• Client

  • Client URL

  • Role

    research, information architecture, interaction design, UI design, testing, and analysis
  • Product

    Native mobile app
  • Deliverables

    Domain Research, Visual Competitive Analysis, Design Principles, Style Explorations, High Fidelity, Mobile Design Mockups, UI Kit, Style Guide
  • Duration

    October – November 2019
  • Tools

    Sketch, InDesign, InVision, Principle, Map Box Studio, Google Drive, Usability Hub, Maze (User Testing)

Growing a Design System​

and a streamlined home to purchase flow for YourLocal native mobile app


  • Project Kickoff (Nov. 11)
  • Sprint 1 Research & Design Directions + Preference Testing(Nov. 18)
  • Sprint 2 Hi-Fi Design V1 + Usability Testing R1 (Nov. 26)
  • Sprint 3 Hi-Fi iterations + Usability Testing R2 (Dec. 3)
  • Final Handoff (Dec. 6)

a little history

Food waste is a problem in the United States.



In Europe, technology has been working towards the concept of a zero-waste lifestyle through innovative food recovery solutions that connects consumers to restaurants/retailers such that unsold surplus perishable food can be purchased at a discounted cost.



YourLocal (YoLo) promotes sustainable living in order to reduce food waste in retail stores.


Originally founded in Copenhagen in 2015, the YoLo app went live in 2016. By November of 2018, they shifted their sights to New York City. The following year, they were associated with over 70 retail partners in Manhattan and Brooklyn.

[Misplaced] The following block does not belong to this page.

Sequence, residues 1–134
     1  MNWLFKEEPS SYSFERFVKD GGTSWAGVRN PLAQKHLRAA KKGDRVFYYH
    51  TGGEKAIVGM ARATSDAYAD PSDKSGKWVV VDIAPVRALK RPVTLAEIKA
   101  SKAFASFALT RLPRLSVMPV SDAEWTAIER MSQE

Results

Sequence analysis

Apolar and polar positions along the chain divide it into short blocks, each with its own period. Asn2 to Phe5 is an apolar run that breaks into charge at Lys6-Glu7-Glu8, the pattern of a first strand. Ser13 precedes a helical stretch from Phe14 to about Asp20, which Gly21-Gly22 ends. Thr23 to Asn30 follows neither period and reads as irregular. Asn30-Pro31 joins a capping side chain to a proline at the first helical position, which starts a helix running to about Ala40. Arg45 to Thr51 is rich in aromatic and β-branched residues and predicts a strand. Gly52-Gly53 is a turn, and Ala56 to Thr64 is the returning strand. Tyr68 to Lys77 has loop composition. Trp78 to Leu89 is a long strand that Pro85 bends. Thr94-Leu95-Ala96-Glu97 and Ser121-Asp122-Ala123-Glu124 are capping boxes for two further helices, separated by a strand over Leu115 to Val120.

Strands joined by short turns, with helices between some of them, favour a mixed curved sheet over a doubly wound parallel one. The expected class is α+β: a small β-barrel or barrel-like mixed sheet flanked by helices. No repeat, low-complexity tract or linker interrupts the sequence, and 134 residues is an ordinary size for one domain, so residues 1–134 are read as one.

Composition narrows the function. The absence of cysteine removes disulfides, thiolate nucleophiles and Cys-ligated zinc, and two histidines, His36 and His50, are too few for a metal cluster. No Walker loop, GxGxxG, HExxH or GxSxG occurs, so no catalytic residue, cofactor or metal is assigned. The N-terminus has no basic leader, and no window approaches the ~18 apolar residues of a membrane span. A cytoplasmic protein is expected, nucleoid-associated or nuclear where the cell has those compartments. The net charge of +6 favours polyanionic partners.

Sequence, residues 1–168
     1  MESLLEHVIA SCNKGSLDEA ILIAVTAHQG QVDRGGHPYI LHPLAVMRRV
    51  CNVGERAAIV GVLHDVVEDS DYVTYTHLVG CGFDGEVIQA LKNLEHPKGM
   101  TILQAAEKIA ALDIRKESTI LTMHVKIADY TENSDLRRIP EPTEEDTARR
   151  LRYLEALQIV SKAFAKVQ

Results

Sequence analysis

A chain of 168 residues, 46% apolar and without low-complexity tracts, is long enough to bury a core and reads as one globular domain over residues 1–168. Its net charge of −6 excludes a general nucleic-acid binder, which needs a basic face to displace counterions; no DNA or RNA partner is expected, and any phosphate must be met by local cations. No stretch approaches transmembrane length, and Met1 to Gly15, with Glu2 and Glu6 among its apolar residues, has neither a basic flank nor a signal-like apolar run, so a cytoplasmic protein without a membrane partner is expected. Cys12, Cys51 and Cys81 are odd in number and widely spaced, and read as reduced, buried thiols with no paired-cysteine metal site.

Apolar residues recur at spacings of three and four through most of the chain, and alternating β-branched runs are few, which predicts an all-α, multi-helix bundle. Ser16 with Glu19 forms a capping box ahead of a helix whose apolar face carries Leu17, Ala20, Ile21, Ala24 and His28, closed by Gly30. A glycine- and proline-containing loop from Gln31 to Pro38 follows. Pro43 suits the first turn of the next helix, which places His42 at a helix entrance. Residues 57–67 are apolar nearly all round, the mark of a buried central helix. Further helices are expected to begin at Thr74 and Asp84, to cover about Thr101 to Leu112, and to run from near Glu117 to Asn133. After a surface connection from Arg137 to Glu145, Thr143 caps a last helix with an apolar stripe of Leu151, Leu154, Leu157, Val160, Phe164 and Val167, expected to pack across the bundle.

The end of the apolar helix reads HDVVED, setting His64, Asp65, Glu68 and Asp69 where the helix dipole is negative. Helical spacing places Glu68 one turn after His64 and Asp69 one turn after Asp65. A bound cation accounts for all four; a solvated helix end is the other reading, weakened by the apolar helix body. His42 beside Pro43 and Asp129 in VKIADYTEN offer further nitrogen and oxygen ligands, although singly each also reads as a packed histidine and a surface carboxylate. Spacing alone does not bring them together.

A persona, in user-centered design and marketing is a fictional character created to represent a user type that might use a site, brand, or product in a similar way.

Who is the User?

Meet Rebecca



31-year-old Communications manager in Brooklyn, NY.


Career-focused, but aspires to be a more active, green, difference maker.


Sees climate change as a big issue and worries how a change in habits would appear to her peers.


overcoming problems

After reviewing the app’s current flow from the home screen throughout the purchase process, YoLo needed new brand design guidelines in order to create a more consistent, intuitive, and delightful platform.


Three screens (Offer, Store, and Map) competed for landing the user’s attention in the preliminary step in order to lead to the decision of choosing an offer. Furthermore, inconsistent labeling between The shops’ screen (header) and store (bottom tab navigation label) presented potential confusion due to the two competing descriptions.


Previous research done by the UX team validated the usability issues observed above and recommended the merging of the key screens. Further UX testing with users also revealed that distance is the main factor considered when choosing an offer because food is often arranged for pick-up around the time of a known commute. Thus, the map screen appeared to dominate as the preferred method of finding an offer, yet it was not the landing screen.

A heuristic evaluation is a usability inspection method for computer software that helps to identify usability problems in the user interface design. 

Competing screens and inconsistent labeling
YoLo Current State Map Screen
Proposed Wireframe
Map Screen with new design system


  • Project Kickoff (Nov. 11)
  • Sprint 1 Research & Design Directions + Preference Testing(Nov. 18)
  • Sprint 2 Hi-Fi Design V1 + Usability Testing R1 (Nov. 26)